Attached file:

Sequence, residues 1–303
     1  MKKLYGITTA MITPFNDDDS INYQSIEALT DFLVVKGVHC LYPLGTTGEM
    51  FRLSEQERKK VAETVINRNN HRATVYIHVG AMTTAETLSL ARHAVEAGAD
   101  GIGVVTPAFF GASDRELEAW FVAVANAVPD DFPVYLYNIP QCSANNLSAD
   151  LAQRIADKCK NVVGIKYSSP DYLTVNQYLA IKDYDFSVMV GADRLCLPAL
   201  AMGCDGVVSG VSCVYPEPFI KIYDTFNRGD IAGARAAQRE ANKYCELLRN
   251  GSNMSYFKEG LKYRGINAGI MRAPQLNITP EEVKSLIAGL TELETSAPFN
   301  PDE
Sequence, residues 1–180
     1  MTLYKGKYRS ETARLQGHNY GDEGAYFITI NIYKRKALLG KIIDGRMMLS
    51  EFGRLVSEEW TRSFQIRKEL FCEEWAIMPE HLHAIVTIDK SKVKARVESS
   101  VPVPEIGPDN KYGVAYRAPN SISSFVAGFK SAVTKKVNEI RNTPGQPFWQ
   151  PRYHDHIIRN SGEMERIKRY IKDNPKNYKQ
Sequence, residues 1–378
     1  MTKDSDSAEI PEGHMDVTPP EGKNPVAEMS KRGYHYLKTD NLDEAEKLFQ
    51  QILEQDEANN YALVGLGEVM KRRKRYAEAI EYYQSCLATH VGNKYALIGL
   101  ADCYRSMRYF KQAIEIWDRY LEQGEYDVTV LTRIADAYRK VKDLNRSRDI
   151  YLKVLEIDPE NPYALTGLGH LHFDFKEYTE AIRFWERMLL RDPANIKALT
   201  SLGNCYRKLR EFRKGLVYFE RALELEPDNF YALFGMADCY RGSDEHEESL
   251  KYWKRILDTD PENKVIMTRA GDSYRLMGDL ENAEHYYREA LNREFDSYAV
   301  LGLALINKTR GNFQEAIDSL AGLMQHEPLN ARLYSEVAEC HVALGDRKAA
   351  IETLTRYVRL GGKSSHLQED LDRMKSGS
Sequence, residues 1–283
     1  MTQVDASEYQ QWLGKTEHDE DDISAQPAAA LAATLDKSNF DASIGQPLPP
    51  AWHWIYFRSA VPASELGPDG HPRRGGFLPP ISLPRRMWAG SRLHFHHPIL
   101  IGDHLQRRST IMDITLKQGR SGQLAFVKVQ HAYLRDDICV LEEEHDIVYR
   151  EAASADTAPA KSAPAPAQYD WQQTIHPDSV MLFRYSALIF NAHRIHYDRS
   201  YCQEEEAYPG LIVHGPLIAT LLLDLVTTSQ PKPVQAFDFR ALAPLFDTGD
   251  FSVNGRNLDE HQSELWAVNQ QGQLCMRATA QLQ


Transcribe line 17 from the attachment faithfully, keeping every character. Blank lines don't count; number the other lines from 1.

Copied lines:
   101  ADCYRSMRYF KQAIEIWDRY LEQGEYDVTV LTRIADAYRK VKDLNRSRDI